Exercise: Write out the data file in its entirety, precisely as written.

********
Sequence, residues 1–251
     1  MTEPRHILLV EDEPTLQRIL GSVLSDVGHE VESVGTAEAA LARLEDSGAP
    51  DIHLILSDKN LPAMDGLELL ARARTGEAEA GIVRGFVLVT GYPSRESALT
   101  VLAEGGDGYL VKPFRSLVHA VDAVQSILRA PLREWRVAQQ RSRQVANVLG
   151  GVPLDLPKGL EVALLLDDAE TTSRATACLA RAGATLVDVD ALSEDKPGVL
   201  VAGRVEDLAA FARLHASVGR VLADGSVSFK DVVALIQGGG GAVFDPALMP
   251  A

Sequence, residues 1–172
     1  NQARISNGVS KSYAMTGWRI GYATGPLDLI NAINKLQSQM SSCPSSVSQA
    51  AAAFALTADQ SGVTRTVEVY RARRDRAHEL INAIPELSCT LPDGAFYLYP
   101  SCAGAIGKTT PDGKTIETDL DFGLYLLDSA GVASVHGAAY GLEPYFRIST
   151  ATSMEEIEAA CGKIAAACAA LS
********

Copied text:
Sequence, residues 1–251
     1  MTEPRHILLV EDEPTLQRIL GSVLSDVGHE VESVGTAEAA LARLEDSGAP
    51  DIHLILSDKN LPAMDGLELL ARARTGEAEA GIVRGFVLVT GYPSRESALT
   101  VLAEGGDGYL VKPFRSLVHA VDAVQSILRA PLREWRVAQQ RSRQVANVLG
   151  GVPLDLPKGL EVALLLDDAE TTSRATACLA RAGATLVDVD ALSEDKPGVL
   201  VAGRVEDLAA FARLHASVGR VLADGSVSFK DVVALIQGGG GAVFDPALMP
   251  A

Sequence, residues 1–172
     1  NQARISNGVS KSYAMTGWRI GYATGPLDLI NAINKLQSQM SSCPSSVSQA
    51  AAAFALTADQ SGVTRTVEVY RARRDRAHEL INAIPELSCT LPDGAFYLYP
   101  SCAGAIGKTT PDGKTIETDL DFGLYLLDSA GVASVHGAAY GLEPYFRIST
   151  ATSMEEIEAA CGKIAAACAA LS